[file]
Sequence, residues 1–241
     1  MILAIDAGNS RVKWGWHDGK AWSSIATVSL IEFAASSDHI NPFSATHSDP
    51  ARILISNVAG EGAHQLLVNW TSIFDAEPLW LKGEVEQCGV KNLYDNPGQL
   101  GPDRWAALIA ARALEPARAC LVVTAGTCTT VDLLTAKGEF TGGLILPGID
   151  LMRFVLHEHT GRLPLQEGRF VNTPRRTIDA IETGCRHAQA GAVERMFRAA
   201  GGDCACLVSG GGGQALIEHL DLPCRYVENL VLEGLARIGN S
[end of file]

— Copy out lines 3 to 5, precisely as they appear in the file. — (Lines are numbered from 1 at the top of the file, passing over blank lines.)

    51  ARILISNVAG EGAHQLLVNW TSIFDAEPLW LKGEVEQCGV KNLYDNPGQL
   101  GPDRWAALIA ARALEPARAC LVVTAGTCTT VDLLTAKGEF TGGLILPGID
   151  LMRFVLHEHT GRLPLQEGRF VNTPRRTIDA IETGCRHAQA GAVERMFRAA